Updated: September 23, 2021 7:43:52 am
The Bengaluru chapter of the Alzheimer’s and Related Disorders Society of India (ARDSi) has launched an expert-led online screening platform for dementia, ‘Demclinic’, to mark World Alzheimer’s Day which is observed annually on September 21.
The virtual cognitive assessment platform, reportedly one of the first in the country, has been launched in conjunction with the NGO Nightingales which is involved in the care of elders.
The web portal will allow people to get assessments on dementia from experts from the confines of their homes. The initiative is part of efforts to provide accessible and affordable diagnostic services under the Mental Health Act 2017.
Professor of Psychiatry and Director at the National Institute of Mental Health and Neurosciences (NIMHANS), Dr. Pratima Murthy, who was at the launch on Tuesday said that more than five million people in India live with dementia.
“It is terrible to see highly placed professionals like teachers, bureaucrats or a practicing doctor gradually lose their faculties, especially in the area of memory. It’s very distressing,” Dr. Pratima Murthy said.
“For people in the early stages of the disease, it is frustrating to know that they cannot remember and identify certain things. As the disease progresses perhaps they forget that they have forgotten. Lifespan has now gone up to the late 60’s and we see a greater number of people with dementia,” she said.
“Covid has increased a lot of isolation among the elderly and many have lost their family members causing a sense of loneliness. Despite all the stress of COVID studies have shown that the elderly population is more resilient in terms of their emotional responsiveness than younger people,” Dr. Murthy said.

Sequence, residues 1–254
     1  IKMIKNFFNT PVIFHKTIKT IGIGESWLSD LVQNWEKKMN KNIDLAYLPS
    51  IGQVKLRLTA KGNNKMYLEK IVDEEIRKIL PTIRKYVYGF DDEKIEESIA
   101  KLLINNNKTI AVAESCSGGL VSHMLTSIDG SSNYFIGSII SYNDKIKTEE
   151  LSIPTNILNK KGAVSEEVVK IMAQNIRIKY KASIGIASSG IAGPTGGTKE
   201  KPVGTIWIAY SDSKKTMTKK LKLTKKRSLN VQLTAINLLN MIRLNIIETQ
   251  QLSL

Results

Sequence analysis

“Dementia is a neurodegenerative disorder with a devastating impact on the person affected and the caregivers. There is no specific treatment for it. It contributes significantly to morbidity, disability, and mortality among those who are affected,” said Dr. Radha Murthy, president of the Bengaluru unit of the Alzheimers and Related Disorders Society of India (ARDSi).
“The current services available for dementia are inadequate. Around 90% of people with dementia remain undiagnosed. A dearth of memory clinics and mental health professionals make the scope of early diagnosis and intervention minuscule, ” she said.
“Covid-19 has made dementia diagnosis and support crises even bigger,” according to S Premkumar Raja, Co-founder and Secretary- Nightingales Medical Trust.
As per the Dementia India report 2020, 5.3 million people above the age of 60 have dementia. The numbers are expected to double in 20 years. In Bengaluru, it is estimated that over 46,000 elders are suffering from Dementia.
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